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Expect project visit to Bilbao - Exchange of Practices in Education for Climate Targets (EXPECT)

17 April 2023

The 9th meeting of the Erasmus+ funded international project on the Exchanges of Practices in Education for Climate Targets (EXPECT) was held in Bilbao in the Basque Country region of Spain on 23rd and 24th March 2023.

We were hosted by the vocational college Politeknika Ikastegia Txorierri which is part of the Mondragon co-operative group. Josu Orbe outlined the college’s involvement in the wider Mondragon group which is creating a more democratic and inclusive economic system.

The Mondragon co-operative movement itself started from a demand for public access to vocational education and training (VET). Post-war Mondragon was a relatively isolated town of 8,000 in a mountainous part of the Basque Country with limited transport links. The town had deep inequalities and very limited employment opportunities but it became the birthplace of an experiment in economic democracy that has come to be known around the world.

Jose Maria Arizmendiarrieta initiated the network after developing community services and a medical clinic in the town in the 1940’s, and went on to build further institutional responses to local needs. The need for technical education is key to the Mondragon origin story and the first Mondragon cooperative was a technical college, founded in 1943.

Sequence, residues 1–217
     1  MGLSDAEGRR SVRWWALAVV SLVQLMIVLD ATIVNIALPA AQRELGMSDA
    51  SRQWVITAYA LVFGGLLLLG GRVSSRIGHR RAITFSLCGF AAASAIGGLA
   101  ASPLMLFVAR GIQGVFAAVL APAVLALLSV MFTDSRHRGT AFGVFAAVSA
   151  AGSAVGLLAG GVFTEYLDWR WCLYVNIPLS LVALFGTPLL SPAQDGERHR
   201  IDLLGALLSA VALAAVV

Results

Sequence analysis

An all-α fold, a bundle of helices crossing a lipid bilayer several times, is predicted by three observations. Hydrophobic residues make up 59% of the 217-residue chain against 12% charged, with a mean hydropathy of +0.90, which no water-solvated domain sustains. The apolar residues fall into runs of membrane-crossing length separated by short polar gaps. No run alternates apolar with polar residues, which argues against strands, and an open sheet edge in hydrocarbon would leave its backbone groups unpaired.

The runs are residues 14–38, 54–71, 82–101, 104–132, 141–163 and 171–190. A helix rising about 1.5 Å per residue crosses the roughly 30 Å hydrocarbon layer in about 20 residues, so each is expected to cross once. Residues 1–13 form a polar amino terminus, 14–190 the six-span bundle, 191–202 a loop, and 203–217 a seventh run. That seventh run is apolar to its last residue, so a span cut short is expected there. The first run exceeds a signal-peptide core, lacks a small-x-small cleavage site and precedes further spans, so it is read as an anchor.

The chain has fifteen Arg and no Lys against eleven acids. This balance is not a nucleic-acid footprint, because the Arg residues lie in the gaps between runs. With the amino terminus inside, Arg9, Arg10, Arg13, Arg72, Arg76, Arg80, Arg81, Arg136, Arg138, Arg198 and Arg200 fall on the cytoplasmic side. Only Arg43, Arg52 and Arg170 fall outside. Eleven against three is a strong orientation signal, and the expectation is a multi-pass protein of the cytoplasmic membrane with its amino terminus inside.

At the time, the largest employer in Mondragon ran an apprenticeship programme limited to the children of existing employees. In response, Arizmendiarrieta organized a parents’ group and fundraised for a technical school open to all. This was organized as a cooperative, with around 600 members who elected a general assembly and college board. Escuela Politecnica Profesional (Professional Polytechnic School) initially enrolled young people aged 14-16 and then grew as students completed each level. The college was key to developing the skills base needed to support the development of industrial and service co-operatives and in 1956, five graduates of the college started Ulgor, the first worker cooperative in Mondragon, which made paraffin stoves.